These power middle fashion bloggers have now started to appear more and more within the luxury sector, one of the most successful and recent blogger and luxury brand collaboration was Coach’s campaign in 2010 which consisted of four fashion bloggers Simpson of What Is Reality Anyway, Kelly Framel of The Glamourai, Karla Deras of Karla’s Closet, and Emily Schuman of Cupcakes and Cashmere to design limited-edition bags for the company. The four bloggers chosen were four well known fashion bloggers, which at the time was a small pool to choose from therefore they still had a small and exclusive following at the time. A study on the impact of luxury fashion brand’s social media marketing on customer relationship and purchase Intention proves the effectiveness of luxury brands’ SMM on both customer relationships and purchase intention (Kim and Ko, 2010). With this in mind and the successful coach collaboration it proves that digital marketing and that bloggers can work with luxury fashion brand and showed that luxury brands can still have that VIP edge, even with the use of a daily blogger.
The relationship between bloggers and social media within the luxury market will always be one in which people disagree. The idea that bloggers can cheapen an exclusive and expensive brand is the obvious statement. However previous brands have proved that using the correct blogger, usually a smaller and more exclusive blogger, can work within this new technologically obsessed era. This shows that when creating a campaign using bloggers, especially within the luxury market, picking the bloggers, and ensuring they suit your target audience, can influence whether the campaign is going to be successful or not. Consumers need to feel that they can relate and trust the bloggers and with influencer marketing becoming the new content king (Morrison, 2015) it’s even more important for the influencer used to be relatable and to your target market.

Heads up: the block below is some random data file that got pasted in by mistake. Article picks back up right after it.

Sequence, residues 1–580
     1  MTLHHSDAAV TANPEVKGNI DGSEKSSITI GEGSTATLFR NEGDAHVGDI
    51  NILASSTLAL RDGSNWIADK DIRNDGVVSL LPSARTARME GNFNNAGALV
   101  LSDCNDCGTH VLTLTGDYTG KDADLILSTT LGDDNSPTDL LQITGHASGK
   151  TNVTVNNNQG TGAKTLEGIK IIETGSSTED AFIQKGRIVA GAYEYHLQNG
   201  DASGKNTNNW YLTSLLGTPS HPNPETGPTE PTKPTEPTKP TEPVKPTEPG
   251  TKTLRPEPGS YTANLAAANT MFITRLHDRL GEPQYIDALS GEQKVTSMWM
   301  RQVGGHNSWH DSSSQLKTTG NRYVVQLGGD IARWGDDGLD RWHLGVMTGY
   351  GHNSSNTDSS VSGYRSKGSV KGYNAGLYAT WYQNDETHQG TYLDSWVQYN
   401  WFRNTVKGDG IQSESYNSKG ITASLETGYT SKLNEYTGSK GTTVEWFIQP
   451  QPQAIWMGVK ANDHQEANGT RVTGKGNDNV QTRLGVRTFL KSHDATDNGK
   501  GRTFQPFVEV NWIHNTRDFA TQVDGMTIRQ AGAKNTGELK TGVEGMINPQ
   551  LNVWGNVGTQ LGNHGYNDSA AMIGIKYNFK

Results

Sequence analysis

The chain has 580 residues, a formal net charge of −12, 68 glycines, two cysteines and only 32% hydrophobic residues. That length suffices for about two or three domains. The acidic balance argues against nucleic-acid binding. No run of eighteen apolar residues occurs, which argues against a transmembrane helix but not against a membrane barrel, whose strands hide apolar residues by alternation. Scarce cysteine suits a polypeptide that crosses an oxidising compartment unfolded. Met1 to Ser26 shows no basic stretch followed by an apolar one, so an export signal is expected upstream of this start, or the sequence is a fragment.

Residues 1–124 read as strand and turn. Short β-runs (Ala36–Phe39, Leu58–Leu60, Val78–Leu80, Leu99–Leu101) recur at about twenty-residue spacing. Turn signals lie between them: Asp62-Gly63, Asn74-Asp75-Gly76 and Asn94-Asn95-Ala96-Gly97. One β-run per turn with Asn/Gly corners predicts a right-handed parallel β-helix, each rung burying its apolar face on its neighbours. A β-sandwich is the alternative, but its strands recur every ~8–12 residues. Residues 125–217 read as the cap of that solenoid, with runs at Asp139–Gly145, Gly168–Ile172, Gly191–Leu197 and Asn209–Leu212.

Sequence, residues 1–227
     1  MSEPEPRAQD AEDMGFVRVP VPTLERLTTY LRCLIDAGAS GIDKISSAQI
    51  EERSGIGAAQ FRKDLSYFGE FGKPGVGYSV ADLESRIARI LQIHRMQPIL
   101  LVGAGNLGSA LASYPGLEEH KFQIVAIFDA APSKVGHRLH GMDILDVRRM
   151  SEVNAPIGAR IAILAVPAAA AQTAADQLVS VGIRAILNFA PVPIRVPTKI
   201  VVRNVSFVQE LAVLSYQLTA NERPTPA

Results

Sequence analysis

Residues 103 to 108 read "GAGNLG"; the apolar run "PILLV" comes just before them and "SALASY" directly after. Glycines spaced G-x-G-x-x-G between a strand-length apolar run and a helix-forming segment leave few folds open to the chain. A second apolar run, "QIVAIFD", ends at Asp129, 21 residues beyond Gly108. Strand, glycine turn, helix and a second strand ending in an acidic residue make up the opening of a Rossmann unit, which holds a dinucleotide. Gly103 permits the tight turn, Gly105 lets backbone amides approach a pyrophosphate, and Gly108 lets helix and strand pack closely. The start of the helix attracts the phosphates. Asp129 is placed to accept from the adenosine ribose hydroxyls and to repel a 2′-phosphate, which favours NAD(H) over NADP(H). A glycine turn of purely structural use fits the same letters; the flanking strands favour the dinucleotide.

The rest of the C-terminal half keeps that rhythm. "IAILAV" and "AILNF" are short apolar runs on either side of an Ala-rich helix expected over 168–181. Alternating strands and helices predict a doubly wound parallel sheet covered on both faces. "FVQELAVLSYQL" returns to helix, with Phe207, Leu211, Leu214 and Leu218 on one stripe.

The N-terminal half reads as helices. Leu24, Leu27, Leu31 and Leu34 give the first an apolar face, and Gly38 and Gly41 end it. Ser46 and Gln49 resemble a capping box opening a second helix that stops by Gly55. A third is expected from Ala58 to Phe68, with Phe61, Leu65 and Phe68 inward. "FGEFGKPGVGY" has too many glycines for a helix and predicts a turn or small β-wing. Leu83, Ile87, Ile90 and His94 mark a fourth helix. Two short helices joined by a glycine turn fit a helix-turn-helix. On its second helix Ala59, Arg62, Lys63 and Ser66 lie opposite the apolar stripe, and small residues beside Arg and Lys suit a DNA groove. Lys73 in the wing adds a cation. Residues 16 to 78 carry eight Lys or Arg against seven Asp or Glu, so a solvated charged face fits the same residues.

Eytan, D. (2016). Are Fashion Bloggers Able to Convert Followers into Buyers?. [online] Forbes.com. Available at: https://www.forbes.com/forbes/welcome/?toURL=https://www.forbes.com/sites/declaneytan/2016/05/11/are-fashion-bloggers-able-to-convert-followers-into-buyers/&refURL=https://www.google.co.uk/&referrer=https://www.google.co.uk/ [Accessed 5 Apr. 2017].
Gordon, K. and Hulls, R. (2015). Consumers want Control of Personalisation in Order to Build Trust. [online] Digitalmarketingmagazine.co.uk. Available at: http://digitalmarketingmagazine.co.uk/digital-marketing-data/consumers-want-control-of-personalisation-in-order-to-build-trust [Accessed 24 Apr. 2017].
Hiene, K. (2013). Luxury goes digital: how to tackle the digital luxury brand–consumer touchpoints. Journal of global fashion marketing, 5(3).
Kim, A. and Ko, E. (2010). Impacts of Luxury Fashion Brand’s Social Media Marketing on Customer Relationship and Purchase Intention. Journal of Global Fashion Marketing, 1(3), pp.164-171.